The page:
HOWEVER more likely than not you will want to make sure that you can terminate the contract when the other party BREACHES (messes up) the contract. Here are some examples of when that might be:

  1. The other party has committed a MATERIAL breach of the contract that CANNOT be remedied – so this is when you receive something SUBSTANTIALLY DIFFERENT from what the contract specified, for example, if the contract specifies the sale of a box of tennis balls and you as the buyer receive a box of footballs. Or you hire an artist to perform the piano at your event but they turn up with a guitar. Such a fundamental breach should entitle you to terminate the contract immediately without notice to the other party. 
  2. The other party has committed a MATERIAL/SUBSTANTIAL breach of the contract that is capable of being remedied but has failed to remedy that breach within a set period of time – so this is when the other party has breached the contract AND the breach is fixable HOWEVER the other party has  failed to fix it within the set period of time. In such circumstances you will want the right to terminate the contract. For example you order pink balloons and the other party delivers blue balloons. You still have balloons but they’re not the right colour, you will notify the other party giving them a chance to send you the correct colour balloons by a certain time in accordance with the contract (say 7 days). The other party fails to send the correct balloons by your deadline OR sends white balloons. You will want to terminate the contract and sue for damages. Please also note that even where a failing party manages to remedy its material breach within a set period of time, the innocent party could still seek damages for any loss caused by the breach. For example You have a restaurant that requires 100 burgers and 100 hot dogs but you only receive a delivery of 70 burgers and 70 hot dogs from your supplier. By the time your supplier has delivered the remaining 30 burgers and 30 hot dogs, you’ve missed out on business or you’ve had to buy more expensive burgers and hot dogs at short notice from another supplier to meet the demand of your customers. You will want to sue for the loss you suffered during this time even if you continue the contract with your original supplier.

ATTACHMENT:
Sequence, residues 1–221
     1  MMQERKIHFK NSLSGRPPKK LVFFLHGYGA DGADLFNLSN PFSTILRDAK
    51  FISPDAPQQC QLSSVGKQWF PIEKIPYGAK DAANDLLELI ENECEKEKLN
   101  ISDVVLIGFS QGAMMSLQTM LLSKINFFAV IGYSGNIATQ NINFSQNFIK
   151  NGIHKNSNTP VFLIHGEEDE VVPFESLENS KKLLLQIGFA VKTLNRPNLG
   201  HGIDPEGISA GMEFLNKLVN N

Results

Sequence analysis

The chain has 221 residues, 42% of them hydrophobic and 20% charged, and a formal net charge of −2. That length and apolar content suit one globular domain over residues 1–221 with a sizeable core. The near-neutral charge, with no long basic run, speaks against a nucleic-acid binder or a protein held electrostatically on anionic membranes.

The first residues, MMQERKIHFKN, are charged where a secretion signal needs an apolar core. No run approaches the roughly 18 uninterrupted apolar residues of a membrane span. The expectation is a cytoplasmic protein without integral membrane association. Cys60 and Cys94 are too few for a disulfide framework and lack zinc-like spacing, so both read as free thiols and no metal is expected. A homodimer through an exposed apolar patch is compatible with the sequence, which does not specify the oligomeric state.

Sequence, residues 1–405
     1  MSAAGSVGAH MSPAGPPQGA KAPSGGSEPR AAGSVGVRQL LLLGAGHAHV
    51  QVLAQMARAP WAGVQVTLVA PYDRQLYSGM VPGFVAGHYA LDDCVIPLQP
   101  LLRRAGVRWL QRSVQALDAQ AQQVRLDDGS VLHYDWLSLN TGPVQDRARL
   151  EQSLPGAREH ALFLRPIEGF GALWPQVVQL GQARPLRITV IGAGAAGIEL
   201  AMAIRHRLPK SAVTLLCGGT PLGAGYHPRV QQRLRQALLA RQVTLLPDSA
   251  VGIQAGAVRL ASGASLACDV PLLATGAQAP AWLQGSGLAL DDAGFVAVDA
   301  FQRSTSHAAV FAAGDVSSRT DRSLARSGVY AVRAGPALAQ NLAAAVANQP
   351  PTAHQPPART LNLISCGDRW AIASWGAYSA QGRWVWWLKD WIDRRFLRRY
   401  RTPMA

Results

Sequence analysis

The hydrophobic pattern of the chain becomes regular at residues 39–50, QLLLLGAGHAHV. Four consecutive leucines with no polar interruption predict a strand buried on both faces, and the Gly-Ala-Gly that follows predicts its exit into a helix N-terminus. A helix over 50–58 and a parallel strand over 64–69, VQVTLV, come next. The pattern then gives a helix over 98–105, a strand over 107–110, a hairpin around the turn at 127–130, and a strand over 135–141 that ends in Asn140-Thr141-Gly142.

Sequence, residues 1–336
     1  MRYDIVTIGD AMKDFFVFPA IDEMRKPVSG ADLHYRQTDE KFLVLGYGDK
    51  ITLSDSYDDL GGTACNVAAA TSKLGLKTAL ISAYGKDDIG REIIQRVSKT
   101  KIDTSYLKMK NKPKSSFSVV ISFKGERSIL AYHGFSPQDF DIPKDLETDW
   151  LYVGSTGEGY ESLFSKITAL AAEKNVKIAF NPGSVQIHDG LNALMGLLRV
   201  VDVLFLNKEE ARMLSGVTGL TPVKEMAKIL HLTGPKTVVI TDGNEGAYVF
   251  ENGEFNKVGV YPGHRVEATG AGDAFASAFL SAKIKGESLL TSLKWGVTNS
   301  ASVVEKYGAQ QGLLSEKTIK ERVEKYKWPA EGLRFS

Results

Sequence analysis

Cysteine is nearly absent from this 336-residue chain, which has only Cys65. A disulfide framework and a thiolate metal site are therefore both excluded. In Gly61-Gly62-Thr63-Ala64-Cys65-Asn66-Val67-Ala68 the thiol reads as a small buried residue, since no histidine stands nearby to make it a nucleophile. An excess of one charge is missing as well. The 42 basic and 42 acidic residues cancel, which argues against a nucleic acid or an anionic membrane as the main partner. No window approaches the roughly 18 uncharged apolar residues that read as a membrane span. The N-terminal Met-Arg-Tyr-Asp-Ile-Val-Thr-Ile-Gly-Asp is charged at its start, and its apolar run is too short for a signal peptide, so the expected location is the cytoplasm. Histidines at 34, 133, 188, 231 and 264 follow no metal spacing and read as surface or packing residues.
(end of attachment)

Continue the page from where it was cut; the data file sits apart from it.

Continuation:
1. The other party persistently breaches the contract in MINOR ways which altogether have a negative impact on the performance of the contract E.G continuously delivering goods late, being late with services without a reasonable excuse, persistently making late payments (this can affect cash flow) or continuously failing to meet sales targets or sales quotas within a period of time. You will want the right to pull the plug on the contract after a while. It will be up to you to determine, in your contract, when enough is enough in respect of these minor breaches. For example you would not want to terminate the contract for one late payment but you might want to terminate it for three consecutive late payments.
  2. The other party has become insolvent or bankrupt or is in the process of becoming so – the other party has gone bust or is clearly in financial trouble. You will really want to get out of the contract in this situation so you must make sure that your contract allows you to do so.